The brutal thunderstorm that barreled through Columbus Friday night continues to have an impact. Although our electricity was restored last night, I learned today that many people still don’t have electricity — and have been told they won’t have power until next Saturday, July 7. An entire week without electricity, in modern America!
One of the people so affected is UJ. Being of hardy stock, he plans on toughing it out. He doesn’t keep much food in his refrigerator and he drank the milk that was there when the lights went out, so he hasn’t had anything spoil. He’ll eat out, sleep with the windows open, grit his teeth through ice-cold morning showers, and hope that Mother Nature has pity on Columbus and allows for a few unseasonably cool days or some rain this week — so long as there are no storms that make things worse.
Other people don’t have that option. If they are susceptible to the heat, they can’t take a chance on suffering heat stroke or dehydration in homes that have been heated to uncomfortable levels. There’s been a run on generators, and I’m betting that there aren’t many available hotel rooms around. And if you have a pet that you hope to keep cool, you’ll have even fewer hotel options.
Richard and I went to Kroger today to buy a few items, and the store was jammed. People in our area lost just about everything that is perishable, and ice was at a premium. When we were at the store the loudspeaker announced that the ice shipment had arrived, and shoppers made a beeline for the loaded pallet between aisles 11 and 12. We also noticed that, on many of the refrigerated shelves, lots of the product was gone — presumably the result of shoppers who had lost their orange juice and milk and needed to replenish their supply. Who knows how much food has spoiled because of the extended power outage?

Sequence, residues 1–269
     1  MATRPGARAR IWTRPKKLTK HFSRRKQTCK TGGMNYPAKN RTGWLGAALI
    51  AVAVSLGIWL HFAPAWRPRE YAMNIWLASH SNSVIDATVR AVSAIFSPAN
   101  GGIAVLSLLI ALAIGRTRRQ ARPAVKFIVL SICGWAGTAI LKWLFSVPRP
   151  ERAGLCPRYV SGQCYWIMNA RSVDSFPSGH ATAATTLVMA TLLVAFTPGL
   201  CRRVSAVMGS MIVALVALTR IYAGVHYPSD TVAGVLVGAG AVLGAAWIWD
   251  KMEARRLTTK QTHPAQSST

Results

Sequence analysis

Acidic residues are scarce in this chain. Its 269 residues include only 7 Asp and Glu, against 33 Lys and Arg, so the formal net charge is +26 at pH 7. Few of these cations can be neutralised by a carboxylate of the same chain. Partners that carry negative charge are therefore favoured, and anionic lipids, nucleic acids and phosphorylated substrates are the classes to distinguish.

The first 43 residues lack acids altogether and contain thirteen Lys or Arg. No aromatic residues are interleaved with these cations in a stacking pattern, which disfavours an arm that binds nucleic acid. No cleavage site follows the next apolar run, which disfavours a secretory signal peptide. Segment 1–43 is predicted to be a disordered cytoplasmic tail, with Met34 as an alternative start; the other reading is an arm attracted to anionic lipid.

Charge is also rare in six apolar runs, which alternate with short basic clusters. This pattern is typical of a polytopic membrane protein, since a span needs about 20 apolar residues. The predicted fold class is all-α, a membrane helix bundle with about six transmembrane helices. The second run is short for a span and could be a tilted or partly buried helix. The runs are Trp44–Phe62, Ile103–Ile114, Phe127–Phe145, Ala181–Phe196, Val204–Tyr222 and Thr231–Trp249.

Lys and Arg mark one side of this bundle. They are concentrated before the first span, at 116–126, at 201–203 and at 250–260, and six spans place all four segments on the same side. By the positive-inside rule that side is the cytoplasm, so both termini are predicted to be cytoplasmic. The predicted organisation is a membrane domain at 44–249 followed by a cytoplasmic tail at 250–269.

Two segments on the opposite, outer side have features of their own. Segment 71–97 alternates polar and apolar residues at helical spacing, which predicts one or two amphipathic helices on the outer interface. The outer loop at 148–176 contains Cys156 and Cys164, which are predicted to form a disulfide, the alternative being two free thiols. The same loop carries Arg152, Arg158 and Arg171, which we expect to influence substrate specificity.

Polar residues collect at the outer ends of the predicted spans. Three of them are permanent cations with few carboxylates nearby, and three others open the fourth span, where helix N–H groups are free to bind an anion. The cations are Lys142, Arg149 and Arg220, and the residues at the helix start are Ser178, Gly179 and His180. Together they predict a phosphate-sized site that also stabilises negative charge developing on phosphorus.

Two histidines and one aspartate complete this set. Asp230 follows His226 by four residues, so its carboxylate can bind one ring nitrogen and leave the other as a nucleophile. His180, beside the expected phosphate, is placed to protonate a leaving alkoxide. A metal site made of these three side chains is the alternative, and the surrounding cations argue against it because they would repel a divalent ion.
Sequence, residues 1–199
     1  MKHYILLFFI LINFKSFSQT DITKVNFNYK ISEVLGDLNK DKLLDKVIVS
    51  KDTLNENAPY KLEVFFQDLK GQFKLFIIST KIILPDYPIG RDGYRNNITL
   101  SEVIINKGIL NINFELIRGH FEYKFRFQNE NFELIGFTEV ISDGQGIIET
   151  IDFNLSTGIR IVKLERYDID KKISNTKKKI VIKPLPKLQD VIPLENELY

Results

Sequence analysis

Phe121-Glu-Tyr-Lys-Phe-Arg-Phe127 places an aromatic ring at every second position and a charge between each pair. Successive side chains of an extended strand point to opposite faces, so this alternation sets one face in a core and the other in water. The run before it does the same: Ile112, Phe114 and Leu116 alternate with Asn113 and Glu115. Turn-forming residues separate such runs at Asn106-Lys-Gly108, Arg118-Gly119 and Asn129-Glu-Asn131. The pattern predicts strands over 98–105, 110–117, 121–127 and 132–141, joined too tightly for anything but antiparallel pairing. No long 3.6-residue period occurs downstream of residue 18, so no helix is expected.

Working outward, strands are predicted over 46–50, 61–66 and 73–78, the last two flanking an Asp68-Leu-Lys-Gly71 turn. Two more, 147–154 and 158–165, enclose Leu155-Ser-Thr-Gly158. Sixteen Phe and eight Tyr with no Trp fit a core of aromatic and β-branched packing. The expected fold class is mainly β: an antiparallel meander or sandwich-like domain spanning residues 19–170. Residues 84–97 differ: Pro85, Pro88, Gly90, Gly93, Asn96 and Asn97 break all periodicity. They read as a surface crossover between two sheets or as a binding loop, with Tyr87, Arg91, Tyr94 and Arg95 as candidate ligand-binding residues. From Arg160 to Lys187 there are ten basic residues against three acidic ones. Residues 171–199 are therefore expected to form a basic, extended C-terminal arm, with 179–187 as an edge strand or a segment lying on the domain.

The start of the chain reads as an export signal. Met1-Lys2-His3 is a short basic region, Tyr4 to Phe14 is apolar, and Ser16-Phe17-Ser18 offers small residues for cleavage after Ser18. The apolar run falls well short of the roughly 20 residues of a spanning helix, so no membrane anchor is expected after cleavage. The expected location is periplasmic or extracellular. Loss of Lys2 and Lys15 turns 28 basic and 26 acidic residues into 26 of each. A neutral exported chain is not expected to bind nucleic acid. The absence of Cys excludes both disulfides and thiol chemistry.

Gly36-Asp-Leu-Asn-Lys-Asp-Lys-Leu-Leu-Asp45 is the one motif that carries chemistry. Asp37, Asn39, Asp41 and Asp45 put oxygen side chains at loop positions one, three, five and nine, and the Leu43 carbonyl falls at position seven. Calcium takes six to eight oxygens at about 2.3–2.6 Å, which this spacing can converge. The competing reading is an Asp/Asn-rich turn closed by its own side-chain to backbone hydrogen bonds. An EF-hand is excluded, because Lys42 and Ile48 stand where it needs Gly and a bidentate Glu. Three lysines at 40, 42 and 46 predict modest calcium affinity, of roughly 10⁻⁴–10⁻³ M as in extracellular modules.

I’m betting that people will be telling stories about the thunderstorm of June 29, 2012 and its aftermath for a long time.
Our power is back on, about 24 hours after the storm pulverized parts of the central Ohio power grid and cast us into darkness. Good job, AEP — and thanks for putting some light back in our lives.
Walking and driving around town, we saw signs of the storm’s aftermath everywhere. Gates knocked off their hinges, tree limbs everywhere, and debris in roadway — it will be good to get back to normal.
When awful news happens, and bad news strikes again and again, and events are buffeting the little world around you, you feel powerless. Now Mother Nature has decided to take that figurative feeling and turn it into literal reality.
A huge and violent thunderstorm cell blew through Columbus last night, and it has knocked out the power grid for wide swaths of the area. The storm blew down trees and branches and felled power lines, and we’ve now been without power since 5 p.m. last night.
This period of powerlessness is unheard of — and it also shows how spoiled we’ve become. A few hours sweltering in a hot house on a summer’s day, and you’d think from the complaining that we’d been asked to endure the unendurable. We’ll have some spoiled food, and some time without Internet access, and earlier bedtimes than normal. No big deal, really.
Still, I must confess that when I entered an air-conditioned room this afternoon I did breathe an audible sigh of satisfaction.